Shusterman has done it again with this unique and engaging story.  The premise seems far fetched and yet the reader is pulled in almost immediately when Scythe Faraday is introduced.  All of the characters are well developed and make the reader want to know more about their intentions and motivations, while also watching them react to various plot twists.  Recommended for anyone from reluctant reader teens to adults who want something fresh and new.

Since You’ve Been Gone by Morgan Matson

Genre:  Realistic Fiction

# of Pages: 449

Iowa Award Winner 2018-19

Emily and Sloane have been best friends ever since Sloane moved to town. They do everything together and Emily feels braver and more adventurous when she’s with Sloane, which is why it’s so hard when Sloane disappears one day. She stops answering her phone and her house suddenly seems abandoned.  Meanwhile, Emily’s parents have become suddenly absorbed in a new play they are writing and she feels she has no one to talk to.  Then one day Emily receives a list in the mail from Sloane of crazy things to do this summer and she thinks that if she does them she’ll somehow find Sloane.  Along her journey through the list she gets a job where she meets a new friend, and gets to know a boy from school she previously thought was too good for her.  She also does many crazy things she never thought she’d have the courage to do.  As she moves and changes, though, she still misses her best friend and hopes to find out where she’s gone.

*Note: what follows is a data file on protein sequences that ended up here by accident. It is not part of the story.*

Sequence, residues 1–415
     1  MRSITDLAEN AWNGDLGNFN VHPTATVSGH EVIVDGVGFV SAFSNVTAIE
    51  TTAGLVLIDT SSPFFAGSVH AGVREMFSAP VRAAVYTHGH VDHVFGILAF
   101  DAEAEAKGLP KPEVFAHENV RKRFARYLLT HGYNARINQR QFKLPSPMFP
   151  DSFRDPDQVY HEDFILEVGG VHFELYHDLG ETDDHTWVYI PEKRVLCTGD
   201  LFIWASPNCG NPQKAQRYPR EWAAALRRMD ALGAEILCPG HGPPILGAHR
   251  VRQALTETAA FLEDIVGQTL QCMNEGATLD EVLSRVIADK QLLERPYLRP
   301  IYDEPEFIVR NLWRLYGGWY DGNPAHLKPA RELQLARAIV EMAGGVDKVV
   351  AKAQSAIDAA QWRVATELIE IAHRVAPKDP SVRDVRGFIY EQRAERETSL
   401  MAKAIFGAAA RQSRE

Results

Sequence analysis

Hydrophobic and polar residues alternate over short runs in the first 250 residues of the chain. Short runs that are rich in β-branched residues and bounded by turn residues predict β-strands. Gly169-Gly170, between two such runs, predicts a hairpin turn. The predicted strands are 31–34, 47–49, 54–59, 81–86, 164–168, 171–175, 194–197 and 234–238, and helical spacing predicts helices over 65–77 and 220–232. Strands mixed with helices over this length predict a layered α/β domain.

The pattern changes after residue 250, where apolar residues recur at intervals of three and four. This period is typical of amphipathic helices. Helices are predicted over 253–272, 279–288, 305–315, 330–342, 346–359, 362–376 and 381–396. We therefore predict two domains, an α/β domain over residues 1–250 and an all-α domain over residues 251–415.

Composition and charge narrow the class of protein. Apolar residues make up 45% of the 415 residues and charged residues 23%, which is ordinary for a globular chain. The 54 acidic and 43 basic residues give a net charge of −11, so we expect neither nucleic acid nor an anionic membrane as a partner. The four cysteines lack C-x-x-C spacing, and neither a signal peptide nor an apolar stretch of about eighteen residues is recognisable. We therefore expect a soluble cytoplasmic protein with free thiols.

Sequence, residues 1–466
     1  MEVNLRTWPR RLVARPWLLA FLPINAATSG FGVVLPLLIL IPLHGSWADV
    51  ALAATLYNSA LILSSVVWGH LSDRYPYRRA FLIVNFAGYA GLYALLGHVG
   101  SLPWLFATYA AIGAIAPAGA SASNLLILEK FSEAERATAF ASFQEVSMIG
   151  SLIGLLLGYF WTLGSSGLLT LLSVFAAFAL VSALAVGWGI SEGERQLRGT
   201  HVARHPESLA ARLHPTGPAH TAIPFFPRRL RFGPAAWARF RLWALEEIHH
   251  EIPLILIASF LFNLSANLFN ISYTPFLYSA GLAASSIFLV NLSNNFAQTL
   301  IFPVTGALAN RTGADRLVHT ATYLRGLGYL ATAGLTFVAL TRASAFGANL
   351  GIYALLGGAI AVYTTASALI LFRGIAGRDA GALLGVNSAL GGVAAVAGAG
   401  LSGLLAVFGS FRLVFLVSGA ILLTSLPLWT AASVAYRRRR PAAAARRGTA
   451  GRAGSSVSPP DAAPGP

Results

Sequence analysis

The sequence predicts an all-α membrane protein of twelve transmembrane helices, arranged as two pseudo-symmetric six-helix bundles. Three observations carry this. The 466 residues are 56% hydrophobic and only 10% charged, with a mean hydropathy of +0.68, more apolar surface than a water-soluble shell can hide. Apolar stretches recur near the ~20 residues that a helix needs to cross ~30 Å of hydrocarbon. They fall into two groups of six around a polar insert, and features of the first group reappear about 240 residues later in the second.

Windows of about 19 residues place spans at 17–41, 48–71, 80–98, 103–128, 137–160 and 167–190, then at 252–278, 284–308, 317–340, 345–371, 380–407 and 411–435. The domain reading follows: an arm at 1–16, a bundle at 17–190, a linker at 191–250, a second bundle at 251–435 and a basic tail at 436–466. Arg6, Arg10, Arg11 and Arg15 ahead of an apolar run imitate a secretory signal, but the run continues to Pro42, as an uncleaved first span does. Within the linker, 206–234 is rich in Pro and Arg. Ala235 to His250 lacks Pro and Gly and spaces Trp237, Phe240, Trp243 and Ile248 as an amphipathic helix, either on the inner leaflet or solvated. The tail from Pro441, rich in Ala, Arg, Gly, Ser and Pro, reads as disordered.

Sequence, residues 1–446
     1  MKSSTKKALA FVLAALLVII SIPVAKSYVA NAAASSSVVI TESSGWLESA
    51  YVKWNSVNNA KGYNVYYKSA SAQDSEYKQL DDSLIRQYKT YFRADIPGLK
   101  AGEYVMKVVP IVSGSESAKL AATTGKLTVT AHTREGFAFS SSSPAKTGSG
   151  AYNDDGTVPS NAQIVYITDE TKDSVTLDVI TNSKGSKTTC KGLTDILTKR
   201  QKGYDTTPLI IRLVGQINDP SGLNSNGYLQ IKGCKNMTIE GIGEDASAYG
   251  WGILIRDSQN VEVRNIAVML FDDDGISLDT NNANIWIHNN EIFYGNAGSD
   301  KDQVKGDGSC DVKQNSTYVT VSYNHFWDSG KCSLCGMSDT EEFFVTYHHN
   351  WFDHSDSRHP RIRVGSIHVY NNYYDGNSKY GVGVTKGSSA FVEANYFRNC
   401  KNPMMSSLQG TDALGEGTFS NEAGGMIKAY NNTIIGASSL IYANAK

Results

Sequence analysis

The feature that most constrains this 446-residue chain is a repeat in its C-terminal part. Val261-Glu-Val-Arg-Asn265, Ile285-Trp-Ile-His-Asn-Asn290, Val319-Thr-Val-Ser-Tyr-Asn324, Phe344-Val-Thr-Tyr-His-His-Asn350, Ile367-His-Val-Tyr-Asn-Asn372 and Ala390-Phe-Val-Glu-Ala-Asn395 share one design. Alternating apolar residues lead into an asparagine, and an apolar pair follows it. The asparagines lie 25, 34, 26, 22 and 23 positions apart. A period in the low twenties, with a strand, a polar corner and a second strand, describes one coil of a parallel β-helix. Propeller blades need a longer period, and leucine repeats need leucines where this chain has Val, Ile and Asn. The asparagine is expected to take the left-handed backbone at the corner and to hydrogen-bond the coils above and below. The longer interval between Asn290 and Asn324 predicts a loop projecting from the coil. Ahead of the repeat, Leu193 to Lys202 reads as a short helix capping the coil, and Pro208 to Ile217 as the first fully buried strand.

This coming of age story about friendship is relatable to any high school student who has needed help finding their true personality as they grow up.  It’s easy to get caught up with what friends like or don’t like, but eventually we all have to find our true self and be brave enough to share it with others.  Emily’s story shows how intimidating that can be while also revealing how amazing the results can be when you put yourself out there. Fans of Sarah Dessen and Jenny Han will love this story and will not be disappointed by the ending.  The list is fun, but it’s the characters who really shine.